Asquith, Cyril, Baron Asquith of Bishopstone 1890-1954, judge, was born at Eton House, in what used to be John Street, Hampstead, 5 February 1890. He was the fourth son and the youngest of the five children of Herbert Henry Asquith, later first Earl of Oxford and Asquith [qv.], by his first wife, Helen Melland, daughter of a distinguished Manchester physician. The daughter became Lady Violet Bonham Carter in 1915 and was created a life peeress in 1964. Their mother's death in 1891 may have contributed to the shyness which affected Cys, as he was always known to his friends, throughout his life. From Summer Fields, Oxford, Asquith went as a scholar to Winchester where he was a notable player of football. Like his father and his brother Raymond, he became a foundation scholar of Balliol College, Oxford, where he obtained first classes in classical moderations (1911) and literae humaniores (1913), and won the Hertford, Craven, and Ireland scholarships. He then became an Eldon scholar and was elected a fellow of Magdalen College in 1913. His reserve kept him from taking the same active part in college and university affairs as had his brothers Raymond and Herbert who had both been president of the Union. When the war began he immediately volunteered in the Queen's Westminster Rifles, later being promoted captain. From 1916 to 1918 he was employed in the Ministry of Munitions.
In 1920 Asquith was called to the bar by the Inner Temple and became a pupil in the chambers of W. A. (later Earl) Jowitt [qv.], a choice of considerable significance later in Asquith's career. His main practice was in the common law courts. It is surprising that, with his many qualities, he was not more successful, yet his father had also been slow in acquiring a practice. From 1925 to 1938 Asquith was assistant reader in common law to the Council of Legal Education. Throughout his life he showed great interest in the academic side of the law. He seemed to be more concerned with legal questions than with questions of fact. If he found some difficulty in understanding the ordinary man, it did not arise from any sense of class distinction. In 1936 he took silk and in 1937 he was made recorder of Salisbury where he obtained useful experience in the trial of criminal cases.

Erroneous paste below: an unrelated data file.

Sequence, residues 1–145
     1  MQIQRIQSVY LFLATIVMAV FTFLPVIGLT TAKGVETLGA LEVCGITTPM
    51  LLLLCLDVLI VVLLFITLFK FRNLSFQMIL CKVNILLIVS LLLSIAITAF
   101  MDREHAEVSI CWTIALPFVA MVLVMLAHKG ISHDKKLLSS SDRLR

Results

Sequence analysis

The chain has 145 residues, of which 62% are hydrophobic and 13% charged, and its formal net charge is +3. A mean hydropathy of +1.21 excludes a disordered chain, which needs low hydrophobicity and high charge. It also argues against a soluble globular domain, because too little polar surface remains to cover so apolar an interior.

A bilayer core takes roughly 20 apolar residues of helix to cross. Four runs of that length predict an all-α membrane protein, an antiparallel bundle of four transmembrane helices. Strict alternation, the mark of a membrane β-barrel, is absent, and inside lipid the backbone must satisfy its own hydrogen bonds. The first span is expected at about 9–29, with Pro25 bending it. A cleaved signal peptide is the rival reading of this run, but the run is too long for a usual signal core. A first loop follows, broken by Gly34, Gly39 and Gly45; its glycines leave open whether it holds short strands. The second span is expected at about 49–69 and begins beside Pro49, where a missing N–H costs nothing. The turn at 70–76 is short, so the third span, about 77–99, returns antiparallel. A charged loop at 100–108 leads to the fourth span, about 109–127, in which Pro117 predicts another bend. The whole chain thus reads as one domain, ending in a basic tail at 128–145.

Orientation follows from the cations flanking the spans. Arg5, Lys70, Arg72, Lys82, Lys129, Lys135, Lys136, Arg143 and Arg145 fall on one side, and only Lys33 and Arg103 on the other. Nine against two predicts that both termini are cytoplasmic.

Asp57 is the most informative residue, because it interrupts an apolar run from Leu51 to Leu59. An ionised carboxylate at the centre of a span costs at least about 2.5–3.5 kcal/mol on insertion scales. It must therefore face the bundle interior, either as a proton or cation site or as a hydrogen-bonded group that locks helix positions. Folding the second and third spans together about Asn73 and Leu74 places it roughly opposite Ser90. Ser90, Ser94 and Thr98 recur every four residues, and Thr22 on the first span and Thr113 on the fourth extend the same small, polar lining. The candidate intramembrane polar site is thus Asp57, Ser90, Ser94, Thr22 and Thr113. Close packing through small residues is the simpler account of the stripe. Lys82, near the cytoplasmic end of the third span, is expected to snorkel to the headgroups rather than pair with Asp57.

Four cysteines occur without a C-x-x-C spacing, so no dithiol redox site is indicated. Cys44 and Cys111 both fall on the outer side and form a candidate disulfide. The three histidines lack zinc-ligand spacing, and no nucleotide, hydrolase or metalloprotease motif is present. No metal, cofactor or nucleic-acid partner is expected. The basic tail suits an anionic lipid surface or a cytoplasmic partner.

In 1938 Asquith was appointed a judge of the King's Bench division (with the customary knighthood) by the lord chancellor, Lord Maugham [qv.]. The appointment caused some surprise at the bar, for his practice had been a comparatively limited one; but this lack of experience did not prove a handicap. It was said that the lord chief justice, Lord Hewart [qv.], had felt that he had not been shown sufficient respect in being consulted regarding Asquith's appointment, and that for this reason he assigned him to try a number of notorious criminal cases at the Old Bailey where an error would have had an unfortunate effect on Asquith's reputation. It was, however, in the trial of criminal cases that Asquith proved particularly successful, because his clarity of expression and his skill in explaining the law when charging a jury were of special value. There was some complaint that he was over-merciful in sentencing the guilty, but this did not bother him.
In 1946 he was appointed a lord justice of appeal by C. R. (later Earl) Attlee on Jowitt's recommendation, and was sworn of the Privy Council. His knowledge of the law, coupled with his delightful literary quotations and his flashes of humour, gave distinction to his judgements. Of these, perhaps the most frequently quoted are Victoria Laundry (Windsor) Ltd. v. Newman Industries Ltd.,  2 K.B. 528, in which he stated the law concerning the measure of damages on the breach of a contract; Thurogood v. Van Den Berghs & Jurgens,  2 K.B. 537, on the measure of damages in tort; and Candler v. Crane, Christmas & Co.,  2 K.B. 164, in which he replied to his friend Lord Denning's remark that there were the timorous souls who were fearful of allowing a new cause of action by saying If this relegates me to the company of timorous souls, I must face that consequence with such fortitude as I can command.